The study authors hope that the innovative design process can be applied to 3D print any medical device that needs customizable shapes and functions. For example, the method could be adapted to create a highly-bespoke one-piece prosthetic limb or joint to replace a lost finger or leg that can fit the patient perfectly to improve their comfort and the prosthetic’s durability. Alternatively, it could be used to print customized pills containing multiple drugs – known as polypills – optimized to release into the body in a pre-designed therapeutic sequence.
For this study, the researchers applied a computer algorithm to design and manufacture – pixel by pixel – 3D printed objects made up of two polymer materials of differing stiffness that also prevent the build-up of bacterial biofilm. They successfully achieved custom-shaped and -sized parts that offer the required flexibility and strength by optimizing the stiffness.
Through multi-material inkjet 3D printing, via a dual-head PiXDRO LP50 inkjet printer from SUSS MicroTec, they were able to engineer the ratio of different inks in each voxel to exhibit the required performance, such as modulus or transparency. They used both inkjet printable biofilm-resistant formulations and a computational design approach to direct the manufacture of multi-material devices. As part of the study, the team was able to 3D print a finger joint with the traditional functionality of artificial finger joint replacements that are also rigid enough to implant into the bone. Additionally, they customized its size and strength to meet individual patient requirements.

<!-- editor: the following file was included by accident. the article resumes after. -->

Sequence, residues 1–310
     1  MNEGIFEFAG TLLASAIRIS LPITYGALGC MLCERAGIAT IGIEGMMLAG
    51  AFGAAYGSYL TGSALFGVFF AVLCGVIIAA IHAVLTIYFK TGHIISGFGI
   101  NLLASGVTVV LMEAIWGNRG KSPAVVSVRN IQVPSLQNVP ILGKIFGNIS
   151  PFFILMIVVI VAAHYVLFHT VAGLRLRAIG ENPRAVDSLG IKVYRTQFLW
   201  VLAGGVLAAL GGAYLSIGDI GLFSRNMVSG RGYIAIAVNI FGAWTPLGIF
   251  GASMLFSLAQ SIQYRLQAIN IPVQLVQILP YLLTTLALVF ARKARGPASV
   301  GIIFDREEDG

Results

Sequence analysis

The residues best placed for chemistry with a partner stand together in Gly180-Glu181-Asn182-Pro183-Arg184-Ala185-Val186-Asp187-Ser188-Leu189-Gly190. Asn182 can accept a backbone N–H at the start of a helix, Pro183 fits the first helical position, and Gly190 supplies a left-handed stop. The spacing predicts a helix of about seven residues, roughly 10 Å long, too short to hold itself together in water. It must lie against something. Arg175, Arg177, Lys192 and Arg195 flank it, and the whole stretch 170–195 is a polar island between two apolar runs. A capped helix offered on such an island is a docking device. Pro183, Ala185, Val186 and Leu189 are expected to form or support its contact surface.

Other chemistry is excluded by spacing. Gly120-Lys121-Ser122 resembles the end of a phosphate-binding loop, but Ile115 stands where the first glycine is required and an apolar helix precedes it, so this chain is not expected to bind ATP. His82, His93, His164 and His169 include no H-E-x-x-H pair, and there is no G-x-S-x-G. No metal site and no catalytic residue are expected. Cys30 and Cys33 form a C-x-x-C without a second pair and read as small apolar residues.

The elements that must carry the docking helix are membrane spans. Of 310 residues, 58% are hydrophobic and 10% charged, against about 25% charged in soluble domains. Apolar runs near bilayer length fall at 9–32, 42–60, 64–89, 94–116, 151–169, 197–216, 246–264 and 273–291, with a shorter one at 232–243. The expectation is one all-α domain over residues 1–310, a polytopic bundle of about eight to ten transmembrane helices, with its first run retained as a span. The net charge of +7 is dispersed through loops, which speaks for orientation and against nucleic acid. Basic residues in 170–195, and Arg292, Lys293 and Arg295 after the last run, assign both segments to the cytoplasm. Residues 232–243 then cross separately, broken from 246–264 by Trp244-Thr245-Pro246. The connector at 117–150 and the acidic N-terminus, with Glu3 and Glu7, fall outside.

With an added level of design control, the team performed their new style of 3D printing with multi-materials that are intrinsically bacteria-resistant and bio-functional, allowing them to be implanted and combat infection (which can occur during and after surgery) without the use of added antibiotic drugs. They also adopted a new high-resolution characterization technique from German electronics manufacturer IONTOF. The 3D orbiSIMS instrument was used to 3D-map the chemistry of the print structures and to test the bonding between them throughout the part. This identified that – at very small scales – the two materials were intermingling at their interfaces, a sign of good bonding which means a better device is less likely to break.
Today, a few antibacterial polymers are available on the market. Still, techniques to 3D print bacterial biofilm-resistant products are lacking, and prevention of bacterial biofilm formation at the surfaces of medical devices is critical. This study carried out by the University of Nottingham’s Centre for Additive Manufacturing (CfAM) and funded by the UK’s Engineering and Physical Sciences Research Council allow the design and manufacture of highly personalized devices that avoid biofilm formation and, more importantly, do not contribute to antimicrobial resistance. Before commercializing the technique, the researchers plan to broaden its potential uses by testing it on more advanced materials with extra functionalities such as controlling immune responses and promoting stem cell attachment.